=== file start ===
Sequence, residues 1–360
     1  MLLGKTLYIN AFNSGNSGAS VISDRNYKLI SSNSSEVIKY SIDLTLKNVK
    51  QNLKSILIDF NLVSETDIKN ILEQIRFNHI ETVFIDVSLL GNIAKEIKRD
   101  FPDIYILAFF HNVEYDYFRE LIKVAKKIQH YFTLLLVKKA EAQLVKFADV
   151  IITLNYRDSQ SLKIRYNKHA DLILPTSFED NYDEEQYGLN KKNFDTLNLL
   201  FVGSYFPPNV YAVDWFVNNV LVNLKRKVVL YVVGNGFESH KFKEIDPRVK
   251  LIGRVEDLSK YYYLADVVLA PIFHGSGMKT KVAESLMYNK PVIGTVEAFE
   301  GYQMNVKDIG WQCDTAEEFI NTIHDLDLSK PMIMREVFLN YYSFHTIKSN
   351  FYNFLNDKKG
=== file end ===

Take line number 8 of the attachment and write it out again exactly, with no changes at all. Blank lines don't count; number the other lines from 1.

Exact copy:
   301  GYQMNVKDIG WQCDTAEEFI NTIHDLDLSK PMIMREVFLN YYSFHTIKSN